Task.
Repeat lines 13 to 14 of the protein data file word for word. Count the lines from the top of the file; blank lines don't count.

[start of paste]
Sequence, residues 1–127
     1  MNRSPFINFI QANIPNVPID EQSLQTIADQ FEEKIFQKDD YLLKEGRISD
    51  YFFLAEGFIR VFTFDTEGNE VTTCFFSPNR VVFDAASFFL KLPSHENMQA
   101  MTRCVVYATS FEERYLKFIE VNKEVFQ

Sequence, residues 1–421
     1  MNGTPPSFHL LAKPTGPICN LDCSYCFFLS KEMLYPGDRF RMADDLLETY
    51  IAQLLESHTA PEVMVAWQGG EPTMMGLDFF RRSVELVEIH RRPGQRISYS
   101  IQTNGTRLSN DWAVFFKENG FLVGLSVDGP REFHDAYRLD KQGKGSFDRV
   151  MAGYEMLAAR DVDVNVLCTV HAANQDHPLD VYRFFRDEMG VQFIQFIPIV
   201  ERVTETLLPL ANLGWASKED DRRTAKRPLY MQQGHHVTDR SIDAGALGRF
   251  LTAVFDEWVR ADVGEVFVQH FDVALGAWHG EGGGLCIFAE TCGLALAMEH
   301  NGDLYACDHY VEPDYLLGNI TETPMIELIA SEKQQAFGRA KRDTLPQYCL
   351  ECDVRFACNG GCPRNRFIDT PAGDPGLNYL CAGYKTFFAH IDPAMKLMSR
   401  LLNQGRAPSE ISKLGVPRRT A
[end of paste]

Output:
   351  ECDVRFACNG GCPRNRFIDT PAGDPGLNYL CAGYKTFFAH IDPAMKLMSR
   401  LLNQGRAPSE ISKLGVPRRT A